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When Ford became the first automaker to offer a factory-issued police package in 1950, it solidified itself as the face of the police cruiser. The Blue Oval’s logo—which was actually a crest back then—is still the first thing that most speeders see through their rear window before receiving a ticket.

A lot has changed in 71 years. The iconic image of a police cruiser morphed from being mainly black and white sedans to include a variety of SUVs, pickups, vans, and more. Vehicles with more room, more lights, and more tech have become the go-to for law enforcement, giving Ford the perfect opportunity to prove that its all-new electric Mustang Mach-E could stand up to the challenges that police face every day.

[RELATED: Ford’s electric Mustang Mach-E is an important leap into the future]

In mid-September, Ford handed over the keys of its Mach-E Police Pilot to the Michigan State Police, one of two law enforcement agencies in the nation that tests annually for potential patrol car candidates. Every vehicle tested has its scores tabulated and published as a public report. Naturally, the king of the police cruiser wanted its all-new electric crossover to get in on the action.

Trials that assess vehicle performance include scenarios that mimic a potential pursuit, which allow testers to measure the car’s acceleration, braking, top speed, and agility around a tracked course. The tester then examines the car’s utility by evaluating its ergonomics and accessibility—instrumentation, vehicle controls, and overall outward visibility are key during this grading process. And finally, they rate the car’s fuel economy to estimate its operating cost.

While the Michigan State Police have yet to report the Mach-E’s exact performance in these areas, Ford says that the Mach-E was able to stand up to the competition, a group composed heavily of tried and true gasoline-powered cars.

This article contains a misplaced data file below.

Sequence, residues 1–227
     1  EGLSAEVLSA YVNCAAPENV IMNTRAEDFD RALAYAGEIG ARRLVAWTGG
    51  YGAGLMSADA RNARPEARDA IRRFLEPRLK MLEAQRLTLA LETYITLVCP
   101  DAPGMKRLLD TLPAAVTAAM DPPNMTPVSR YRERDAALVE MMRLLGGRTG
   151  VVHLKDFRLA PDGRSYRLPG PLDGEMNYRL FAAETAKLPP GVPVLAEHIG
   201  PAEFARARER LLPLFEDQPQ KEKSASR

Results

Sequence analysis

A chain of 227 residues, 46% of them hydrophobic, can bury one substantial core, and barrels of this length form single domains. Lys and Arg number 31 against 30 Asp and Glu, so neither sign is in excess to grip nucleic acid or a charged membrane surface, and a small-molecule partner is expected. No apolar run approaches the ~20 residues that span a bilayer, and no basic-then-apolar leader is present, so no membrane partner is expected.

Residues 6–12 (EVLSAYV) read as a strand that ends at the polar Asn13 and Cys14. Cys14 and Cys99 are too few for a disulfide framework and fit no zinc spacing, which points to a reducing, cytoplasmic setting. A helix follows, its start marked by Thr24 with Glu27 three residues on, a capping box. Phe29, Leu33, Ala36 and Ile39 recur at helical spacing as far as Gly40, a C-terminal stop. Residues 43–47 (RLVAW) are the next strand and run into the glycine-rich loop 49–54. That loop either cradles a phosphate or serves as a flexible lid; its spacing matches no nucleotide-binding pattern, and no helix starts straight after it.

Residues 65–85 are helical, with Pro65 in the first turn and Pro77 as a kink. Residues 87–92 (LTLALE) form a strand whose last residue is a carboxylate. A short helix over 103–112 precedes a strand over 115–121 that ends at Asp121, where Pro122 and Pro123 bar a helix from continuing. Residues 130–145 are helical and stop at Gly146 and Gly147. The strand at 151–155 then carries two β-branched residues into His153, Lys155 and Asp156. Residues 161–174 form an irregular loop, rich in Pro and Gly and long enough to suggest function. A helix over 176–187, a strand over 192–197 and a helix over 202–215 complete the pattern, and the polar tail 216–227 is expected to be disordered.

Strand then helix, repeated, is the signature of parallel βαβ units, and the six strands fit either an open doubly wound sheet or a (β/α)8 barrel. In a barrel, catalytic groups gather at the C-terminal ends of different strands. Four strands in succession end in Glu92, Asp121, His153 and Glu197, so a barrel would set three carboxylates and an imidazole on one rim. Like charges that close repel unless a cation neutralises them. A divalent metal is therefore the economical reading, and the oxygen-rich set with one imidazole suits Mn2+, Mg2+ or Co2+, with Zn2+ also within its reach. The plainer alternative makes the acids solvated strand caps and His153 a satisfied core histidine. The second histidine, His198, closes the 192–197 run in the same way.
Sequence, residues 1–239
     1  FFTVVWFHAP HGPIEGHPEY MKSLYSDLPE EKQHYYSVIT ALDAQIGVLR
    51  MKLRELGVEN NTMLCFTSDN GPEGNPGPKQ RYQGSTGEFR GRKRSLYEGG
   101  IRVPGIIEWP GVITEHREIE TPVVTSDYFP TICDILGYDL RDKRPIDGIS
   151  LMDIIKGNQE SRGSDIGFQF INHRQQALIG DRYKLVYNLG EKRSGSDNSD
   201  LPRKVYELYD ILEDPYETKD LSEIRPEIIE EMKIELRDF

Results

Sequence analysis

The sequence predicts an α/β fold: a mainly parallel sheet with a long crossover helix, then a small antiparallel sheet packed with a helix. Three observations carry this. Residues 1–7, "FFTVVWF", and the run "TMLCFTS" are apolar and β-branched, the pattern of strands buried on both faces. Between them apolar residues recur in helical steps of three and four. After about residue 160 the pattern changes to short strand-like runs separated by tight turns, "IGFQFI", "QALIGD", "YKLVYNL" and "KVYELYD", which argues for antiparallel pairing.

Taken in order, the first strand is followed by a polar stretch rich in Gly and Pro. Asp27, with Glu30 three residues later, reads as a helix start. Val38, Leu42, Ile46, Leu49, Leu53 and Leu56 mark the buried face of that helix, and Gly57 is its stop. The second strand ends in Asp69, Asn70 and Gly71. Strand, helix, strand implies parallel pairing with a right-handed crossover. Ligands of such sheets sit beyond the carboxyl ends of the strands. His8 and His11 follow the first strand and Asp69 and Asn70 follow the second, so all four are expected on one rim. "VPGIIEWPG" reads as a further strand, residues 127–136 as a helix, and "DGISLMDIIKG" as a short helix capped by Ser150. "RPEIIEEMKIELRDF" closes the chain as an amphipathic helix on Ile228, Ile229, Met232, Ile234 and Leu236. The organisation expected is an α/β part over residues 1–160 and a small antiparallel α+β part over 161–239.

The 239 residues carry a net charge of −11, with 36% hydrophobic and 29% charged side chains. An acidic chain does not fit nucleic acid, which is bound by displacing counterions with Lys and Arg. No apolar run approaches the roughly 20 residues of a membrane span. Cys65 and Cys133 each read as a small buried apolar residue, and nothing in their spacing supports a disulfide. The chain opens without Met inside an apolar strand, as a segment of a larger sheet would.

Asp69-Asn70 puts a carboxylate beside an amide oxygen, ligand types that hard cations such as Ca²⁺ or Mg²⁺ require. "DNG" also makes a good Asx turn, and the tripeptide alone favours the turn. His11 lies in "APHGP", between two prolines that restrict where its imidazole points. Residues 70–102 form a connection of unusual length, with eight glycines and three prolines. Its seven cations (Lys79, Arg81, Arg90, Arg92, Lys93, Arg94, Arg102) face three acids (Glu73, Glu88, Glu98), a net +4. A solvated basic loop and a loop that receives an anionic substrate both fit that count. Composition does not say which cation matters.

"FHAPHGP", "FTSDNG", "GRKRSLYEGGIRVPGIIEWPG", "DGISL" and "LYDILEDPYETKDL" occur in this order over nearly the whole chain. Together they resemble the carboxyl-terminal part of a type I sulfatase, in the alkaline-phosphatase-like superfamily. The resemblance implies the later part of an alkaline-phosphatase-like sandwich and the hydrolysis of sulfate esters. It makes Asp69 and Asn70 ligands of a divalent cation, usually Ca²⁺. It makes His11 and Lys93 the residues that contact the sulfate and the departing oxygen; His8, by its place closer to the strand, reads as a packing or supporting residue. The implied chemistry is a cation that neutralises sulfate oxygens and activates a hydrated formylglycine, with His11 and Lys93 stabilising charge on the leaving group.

“The fact that the Mustang Mach-E successfully stood up to the grueling Michigan State Police evaluation demonstrates that Ford can build electric vehicles that are capable, tough and reliable enough for even the most challenging jobs,” said Ted Cannis, CEO of the automaker’s commercial division, Ford Pro. “We understand the needs of our commercial customers and are committed to unlocking new electrification opportunities for them.”

Ford didn’t just test its Mach-E as a police cruiser for US customers, it also built a concept design for the Bobbies across the pond.

In early September, Ford unveiled its Mustang Mach-E police concept for police in the United Kingdom. Outfitted in so-called “blue light” livery, the Mach-E sports the same high-visibility Battenburg markings and emergency lights as other police vehicles in the UK while offering a modern approach to the aging gas and diesel-powered fleet. Since showing off the model, seven separate UK police forces have requested a full evaluation of the Mach-E as a future police cruiser.

Ford’s pitch to the various police departments is all about the crossover’s efficiency and potential cost savings over a traditional cruiser with an internal combustion engine. While the thought of an electric police car might seem like a foreign concept, law enforcement agencies across the world are starting to buy into the message.

In the States, the popularity of battery-powered patrol cars is growing. The Bargersville Police Department in Indiana began using a Tesla Model 3 as a marked police vehicle in 2019—today, it has five. Likewise, police in Fremont, California (where Tesla’s vehicles are manufactured) recently purchased its first Tesla Model Y to complement its existing Model S.

The biggest driving factor for many agencies is money. Although departments will pay more up-front for the electric vehicles, the overall cost savings over the vehicle’s service life can make the purchase nearly cost-neutral compared to traditional gasoline-powered units.

Police in Nitro, West Virginia believe that their department’s newly purchased $42,000 Tesla Model 3 can save the department upwards of $4,000 per year in fuel and maintenance. Compared to the $38,000 that the department typically spends on a gas-powered cruiser, it would take less than two years to see immediate savings. The Bargersville department’s police chief says that the department’s fleet of electric police cars saves more than $6,300 annually per car, or enough to help the department to hire two new officers.

As Ford begins to offer electrified versions of its vehicles, it’s inevitable that more officers will find themselves behind the wheel of a car powered by batteries. The Mach-E happens to be Ford’s first offering in the EV space, and the Blue Oval wants to prove that electric can be just as good—if not better—than gas.

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